Marc Mondavi’s Divining Rod Wines #DrinkUpWitches

“From water, comes wine” – never has this been more true than with The Divining Rod wines. By giving life to countless vineyards across California, Marc Mondavi quite literally “turns water into wine.” Marc Mondavi started The Divining Rod label in 2012 in honor of his ability to locate underground water sources and establish vineyards. The first new brand from C. Mondavi & Family in over 60 years, The Divining Rod has secured its place in a long line of fine wines created by this iconic family.

Marc’s “sixth sense” for water divining (also called water witching or dowsing) and connection with the land, put him on another level of winemaking. That’s why we say that his Divining Rod wines are supernatural and perfect for Halloween and the cooler temperatures of autumn.

2014 Divining Rod Cabernet Sauvignon, Alexander Valley

img_20161019_18483598% Cabernet Sauvgnon, 2% “a little magic” (Petit Verdot, Malbec)

At less than $20 a bottle, this wine is perfectly paired with dessert.  This Divining Rod Cabernet Sauvignon delivers a bouquet of black cherry, blackberry, and plum and light flavors of cocoa, which complements the rich, creaminess of desserts.

One of my favorite ways to enjoy this Cabernet is with dark chocolate.  For years, I’ve enjoyed a pieces of sea salted dark chocolate–take a sip, take a bit.  It’s absolutely decadent.  However, more recently, I’ve discovered that rimming my wine glasses in dark chocolate ganache gives me an entirely new experience.

To make your own ganache, it’s a simple 2:1 ratio…2 parts dark chocolate pieces/bars/chips and 1 part heavy cream or half & half.  Place the cream and chocolate pieces in a microwave safe bowl.  Heat in 30 second intervals, stirring at the end of each interval, until the chocolate melts and the ganache is smooth.  Then, dip the rim of each glass and allow to dry slightly before pouring wine.  Because of the cream, the chocolate will never completely harden, and if the ganache drips down the sides of the glass, oh well. No one ever complained about too much chocolate.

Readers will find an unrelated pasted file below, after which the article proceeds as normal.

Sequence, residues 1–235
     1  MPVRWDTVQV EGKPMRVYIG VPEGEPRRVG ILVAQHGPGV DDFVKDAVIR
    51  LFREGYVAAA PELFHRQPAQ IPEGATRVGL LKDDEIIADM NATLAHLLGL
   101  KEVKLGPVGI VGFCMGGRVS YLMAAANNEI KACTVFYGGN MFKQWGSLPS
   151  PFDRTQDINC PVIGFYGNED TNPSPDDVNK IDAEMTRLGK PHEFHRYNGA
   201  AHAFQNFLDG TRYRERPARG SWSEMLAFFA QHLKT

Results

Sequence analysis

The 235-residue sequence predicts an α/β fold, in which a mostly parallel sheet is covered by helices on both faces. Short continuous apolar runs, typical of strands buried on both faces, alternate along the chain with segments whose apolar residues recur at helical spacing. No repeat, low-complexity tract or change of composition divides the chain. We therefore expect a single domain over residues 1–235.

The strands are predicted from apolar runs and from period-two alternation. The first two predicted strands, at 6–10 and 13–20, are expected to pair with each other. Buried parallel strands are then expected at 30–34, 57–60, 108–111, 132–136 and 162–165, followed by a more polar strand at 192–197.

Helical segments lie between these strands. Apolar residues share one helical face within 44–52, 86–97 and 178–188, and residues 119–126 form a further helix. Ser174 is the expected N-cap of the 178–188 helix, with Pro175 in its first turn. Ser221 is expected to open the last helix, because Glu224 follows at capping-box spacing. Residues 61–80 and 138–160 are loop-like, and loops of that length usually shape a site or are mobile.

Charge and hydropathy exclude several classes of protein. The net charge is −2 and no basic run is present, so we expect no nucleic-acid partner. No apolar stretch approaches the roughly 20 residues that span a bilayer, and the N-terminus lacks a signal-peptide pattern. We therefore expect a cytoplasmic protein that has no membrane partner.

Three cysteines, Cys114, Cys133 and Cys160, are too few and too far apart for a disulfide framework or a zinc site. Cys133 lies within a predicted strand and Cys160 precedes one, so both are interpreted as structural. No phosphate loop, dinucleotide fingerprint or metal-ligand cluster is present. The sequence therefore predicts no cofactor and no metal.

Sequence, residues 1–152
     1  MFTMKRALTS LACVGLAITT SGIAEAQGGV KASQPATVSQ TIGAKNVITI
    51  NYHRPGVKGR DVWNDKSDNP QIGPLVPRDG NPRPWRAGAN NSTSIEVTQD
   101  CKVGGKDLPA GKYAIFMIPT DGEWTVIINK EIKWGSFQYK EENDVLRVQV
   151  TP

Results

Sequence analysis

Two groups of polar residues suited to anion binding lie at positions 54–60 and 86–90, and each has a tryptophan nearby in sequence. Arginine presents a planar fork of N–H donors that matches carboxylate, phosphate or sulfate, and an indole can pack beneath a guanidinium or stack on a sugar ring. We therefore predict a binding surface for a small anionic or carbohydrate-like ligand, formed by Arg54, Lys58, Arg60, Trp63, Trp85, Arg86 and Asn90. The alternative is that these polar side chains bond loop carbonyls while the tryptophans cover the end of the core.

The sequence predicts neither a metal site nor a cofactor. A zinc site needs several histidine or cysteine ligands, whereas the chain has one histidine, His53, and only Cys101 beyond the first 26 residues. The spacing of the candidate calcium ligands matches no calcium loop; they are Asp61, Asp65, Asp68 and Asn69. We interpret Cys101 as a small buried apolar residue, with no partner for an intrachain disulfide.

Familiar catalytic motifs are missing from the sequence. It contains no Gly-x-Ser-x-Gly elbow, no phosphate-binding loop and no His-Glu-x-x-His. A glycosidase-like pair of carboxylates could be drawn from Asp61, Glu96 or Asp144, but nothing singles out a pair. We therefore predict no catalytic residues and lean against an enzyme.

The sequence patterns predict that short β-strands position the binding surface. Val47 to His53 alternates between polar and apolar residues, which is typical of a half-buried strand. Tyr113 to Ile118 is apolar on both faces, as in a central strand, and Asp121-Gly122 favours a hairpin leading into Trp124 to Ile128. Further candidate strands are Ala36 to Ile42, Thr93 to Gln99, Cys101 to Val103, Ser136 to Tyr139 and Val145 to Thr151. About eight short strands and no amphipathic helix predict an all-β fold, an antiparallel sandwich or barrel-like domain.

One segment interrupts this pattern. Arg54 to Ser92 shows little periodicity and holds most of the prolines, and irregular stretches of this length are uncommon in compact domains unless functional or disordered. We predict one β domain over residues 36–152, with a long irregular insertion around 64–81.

2014 Divining Rod Divine Red, Lodi, California

img_20161024_18172855% Zinfandel, 20%Cabernet Sauvignon, 23% Petite Sirah, 2% Petit Verdot

For most of us, the idea of an outstanding, yet inexpensive, wine is a paradox.  It’s not logical; it shouldn’t make sense, but it does.  At less than $15 a bottle, Divining Rod Divine Red should be in everyone’s collection. With it’s aromas of black cherry and baking spice and blackberry and plum flavors, I immediately wanted to pair it with cinnamon and cranberry scones.

For wines with such a distinct aroma and flavor, rimming the glass with a little cinnamon and sugar creates a sip that accentuates the spice of the wine. To rim your own glasses, dip the rim of the glass in either water or fruit juice and then, the cinnamon-sugar mixture. For our glasses, we rubbed the edged of the glass with a slice of pear, finished with a 2 TBSP sugar to 1 tsp cinnamon mixture, and garnished with another slice of pear.

2014 Divining Rod Pinot Noir, Willamette Valley, Oregon

img_20161026_075029100% Pinot Noir

Like the other wines in the Divining Rod label, this Pinot Noir delivers exceptional flavor at an unbelievable affordable price point.  At under $20 a bottle, this wine doesn’t have to be saved for a special occasion.  This wine begs to be opened on date night or after the kids have gone to bed for an adults only treat. In fact, we treated ourselves to an early evening, candlelit, dessert picnic while the kids were watching TV.

With a wine that has been so carefully grown, harvested, and aged, figuring out a pairing and rim that wouldn’t destroy the delicate  fruit flavors and still highlight the sweetness was a bit more challenging. For this dessert picnic, I rimmed the glass in white chocolate ganache (same ratio as the dark chocolate ganache…2 parts chocolate:1 part cream) and then, then dipped the wet ganache in crushed chocolate wafer cookies (chocolate animal crackers).

The end result…adult cookies & cream rimmed wine glasses. Since white chocolate isn’t technically chocolate, it merely adds a creaminess to the wine and turns the wine into dessert.

For more information about The Divining Rod

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